Friday, December 15

What are Blade Servers?

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Distributed centralized specialization and resource rationalization are the fundamental tenets of the blade computing model. This means that blade enclosures can be deployed in geographically dispersed locations to provide an organization with a distributed specialized central processing and servicing functionality less prone to organization-wide single-point-of-failure scenarios.

The Blade Computing Model

Unlike stand alone servers, rack mounted servers and traditional clustered servers the blade computing model uses more specialized units dedicated to performing fewer more specialized computing functions and processes at ever faster speeds. To this end; many blades ship minus various combinations of different hardware and support systems normally found in computers removed. Often it is left to the blade chassis/enclosure to provide many of these integral functions rather than having each individual blade component type do them. In other instances other specialized blade units will be dedicated to these “missing” functionalities.

Blade Specialization

Many traditional computer subsystems that were once massively duplicated and hence underutilized in the more traditional server and computing models are not found in the same massive numbers in the blade computing scenario. This has resulted in blades that are specialized for processing, network, storage, Input / Output (I/O) and memory subsystems. “A blade for every function” is the phrase that comes to mind.

If you need more processing power then add a blade that is loaded with multiple multi-core CPUs and oh-la-la, more processing power to brag about is yours. Similarly; if it’s more memory for those graphics rendering intensive applications that you require, then add a memory blade. You can even get “general purpose” blades.

Task and component specialization and purpose-driven blade design are but two of the ways that blade computing provides greater economic rationalization and more efficient use of computing resources within the blade system.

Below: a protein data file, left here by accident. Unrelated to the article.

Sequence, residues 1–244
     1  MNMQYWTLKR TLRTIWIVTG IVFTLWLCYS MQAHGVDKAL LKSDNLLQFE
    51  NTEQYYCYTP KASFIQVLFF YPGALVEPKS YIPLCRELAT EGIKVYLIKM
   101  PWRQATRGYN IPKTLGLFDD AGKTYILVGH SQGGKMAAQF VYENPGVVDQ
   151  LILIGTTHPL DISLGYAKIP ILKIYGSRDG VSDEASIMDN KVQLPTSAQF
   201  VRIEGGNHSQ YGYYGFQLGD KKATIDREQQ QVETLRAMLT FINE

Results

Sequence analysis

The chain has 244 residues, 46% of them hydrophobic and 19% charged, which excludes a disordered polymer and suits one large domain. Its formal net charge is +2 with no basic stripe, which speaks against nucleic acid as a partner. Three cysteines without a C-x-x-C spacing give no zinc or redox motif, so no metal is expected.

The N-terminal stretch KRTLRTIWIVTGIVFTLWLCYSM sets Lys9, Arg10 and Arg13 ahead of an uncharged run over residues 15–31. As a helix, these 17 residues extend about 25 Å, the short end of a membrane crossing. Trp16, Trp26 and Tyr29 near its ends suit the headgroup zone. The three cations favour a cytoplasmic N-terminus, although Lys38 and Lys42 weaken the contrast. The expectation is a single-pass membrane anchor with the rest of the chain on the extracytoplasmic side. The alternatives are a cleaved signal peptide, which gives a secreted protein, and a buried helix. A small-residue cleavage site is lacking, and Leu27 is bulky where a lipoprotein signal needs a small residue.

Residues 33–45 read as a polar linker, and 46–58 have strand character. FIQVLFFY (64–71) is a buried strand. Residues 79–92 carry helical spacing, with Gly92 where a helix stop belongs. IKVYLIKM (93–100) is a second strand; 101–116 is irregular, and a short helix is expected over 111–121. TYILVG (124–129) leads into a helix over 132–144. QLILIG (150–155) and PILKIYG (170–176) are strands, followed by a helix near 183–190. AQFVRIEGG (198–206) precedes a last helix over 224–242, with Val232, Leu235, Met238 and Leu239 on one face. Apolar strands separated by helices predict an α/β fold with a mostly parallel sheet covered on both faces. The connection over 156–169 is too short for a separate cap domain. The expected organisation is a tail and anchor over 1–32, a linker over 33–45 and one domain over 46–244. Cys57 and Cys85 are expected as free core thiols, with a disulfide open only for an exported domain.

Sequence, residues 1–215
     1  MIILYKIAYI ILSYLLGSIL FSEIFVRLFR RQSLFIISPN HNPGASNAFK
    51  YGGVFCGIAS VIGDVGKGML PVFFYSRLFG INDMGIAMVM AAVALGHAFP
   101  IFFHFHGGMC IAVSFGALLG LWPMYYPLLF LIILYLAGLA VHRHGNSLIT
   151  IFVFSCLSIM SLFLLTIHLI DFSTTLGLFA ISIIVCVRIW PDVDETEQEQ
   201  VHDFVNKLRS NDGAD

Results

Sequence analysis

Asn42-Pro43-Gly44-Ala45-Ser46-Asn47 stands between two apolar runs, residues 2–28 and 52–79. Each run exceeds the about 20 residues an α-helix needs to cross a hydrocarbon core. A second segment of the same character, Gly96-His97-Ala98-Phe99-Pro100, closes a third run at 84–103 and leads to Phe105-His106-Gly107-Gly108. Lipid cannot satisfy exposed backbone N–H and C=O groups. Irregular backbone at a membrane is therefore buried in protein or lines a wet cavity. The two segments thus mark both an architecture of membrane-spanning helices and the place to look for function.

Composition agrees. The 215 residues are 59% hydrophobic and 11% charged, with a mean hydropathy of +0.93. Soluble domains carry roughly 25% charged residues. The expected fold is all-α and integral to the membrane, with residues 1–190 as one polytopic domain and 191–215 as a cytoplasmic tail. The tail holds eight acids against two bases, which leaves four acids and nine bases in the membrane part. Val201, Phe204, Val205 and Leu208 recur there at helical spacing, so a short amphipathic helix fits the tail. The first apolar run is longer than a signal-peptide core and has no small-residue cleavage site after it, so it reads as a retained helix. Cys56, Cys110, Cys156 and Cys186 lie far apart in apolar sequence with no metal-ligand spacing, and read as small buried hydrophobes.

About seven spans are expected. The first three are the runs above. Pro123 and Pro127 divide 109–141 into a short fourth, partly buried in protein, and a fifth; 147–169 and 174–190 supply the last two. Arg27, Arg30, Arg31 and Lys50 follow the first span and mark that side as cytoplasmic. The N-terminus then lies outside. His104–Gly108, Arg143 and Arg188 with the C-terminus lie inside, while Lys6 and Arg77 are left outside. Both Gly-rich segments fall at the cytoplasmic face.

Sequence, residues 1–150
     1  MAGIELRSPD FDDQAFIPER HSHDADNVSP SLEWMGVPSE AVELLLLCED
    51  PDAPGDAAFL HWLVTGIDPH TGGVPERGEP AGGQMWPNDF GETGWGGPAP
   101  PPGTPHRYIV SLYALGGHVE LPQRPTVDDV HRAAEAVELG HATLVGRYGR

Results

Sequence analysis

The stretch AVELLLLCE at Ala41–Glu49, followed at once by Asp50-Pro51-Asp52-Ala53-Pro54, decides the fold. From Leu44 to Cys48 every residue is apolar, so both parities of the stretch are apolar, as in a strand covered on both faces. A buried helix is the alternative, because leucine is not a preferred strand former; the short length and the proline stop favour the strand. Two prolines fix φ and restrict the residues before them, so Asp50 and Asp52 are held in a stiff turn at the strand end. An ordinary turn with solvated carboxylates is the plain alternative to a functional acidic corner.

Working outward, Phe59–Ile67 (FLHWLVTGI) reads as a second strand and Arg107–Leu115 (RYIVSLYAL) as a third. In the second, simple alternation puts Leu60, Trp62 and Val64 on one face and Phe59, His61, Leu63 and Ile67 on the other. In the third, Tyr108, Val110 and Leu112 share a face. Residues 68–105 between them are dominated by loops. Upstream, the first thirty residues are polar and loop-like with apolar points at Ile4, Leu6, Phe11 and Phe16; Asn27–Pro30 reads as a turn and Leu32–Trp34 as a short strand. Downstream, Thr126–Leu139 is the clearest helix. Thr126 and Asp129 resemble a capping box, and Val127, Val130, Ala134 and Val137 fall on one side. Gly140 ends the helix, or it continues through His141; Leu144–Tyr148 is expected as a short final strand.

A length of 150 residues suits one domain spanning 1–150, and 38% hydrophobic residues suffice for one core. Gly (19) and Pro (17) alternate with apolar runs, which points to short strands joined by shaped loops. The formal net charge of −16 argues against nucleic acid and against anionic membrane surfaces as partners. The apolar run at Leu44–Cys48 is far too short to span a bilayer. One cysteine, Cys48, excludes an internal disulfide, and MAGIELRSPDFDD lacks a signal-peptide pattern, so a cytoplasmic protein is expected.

Space and Energy Savings

Smaller Footprint

The idea behind this is that removing many of these over-duplicated under-utilized components saves considerable space. In addition; the removal of considerable numbers of power supply units (PSU) from each individual server unit not only saves considerable space it also reduces the overall excess thermal energy produced during normal and stress level operating conditions. The less floor space occupied by your data center, communications and computing infrastructure the less cooling it requires and the less rent you have to pay.

Greener Computing

Everyone who has put their hand at the back of their PC is only too well aware of the amount of heat that the PSU generates. Reducing the amount of excess (waste) thermal energy produced as a by-product of computing means substantial reductions and savings can be made in the day-to-day running costs of computing facilities. It also means that computing facilities can develop more efficient, cost-effective, environmentally friendly cooling solutions. No surprise for guessing that these measures also serve to deliver the “green points” or the carbon production reduction contributions that companies are now being asked for by government, environmentalists and the general public alike.

Replacing Failure Prone Power Supply Units (PSU)

Factor in the fact that the PSU is the most common component of all computers to fail and you see the sense in replacing thirty or forty cheaper PSUs with two to four more robust and reliable units. In the big picture perspective; this actually is cheaper than the former multiplicity of PSUs solution.

Through the wholesale removal and replacement of older technology PSUs with dedicated leads from DC units of superior performing, less failure-prone, higher quality redundant sets of PSUs blade computing can indeed deliver considerable additional energy and accrued downtime loss savings. Bear in mind that over the years we have found that; statistically speaking, PSU issues constitute nearly 75% of all IT service-related site visits. Because; datacenter downtime is the most expensive of all outage types experienced by enterprise today, reductions in this area deliver considerable fiscal savings.


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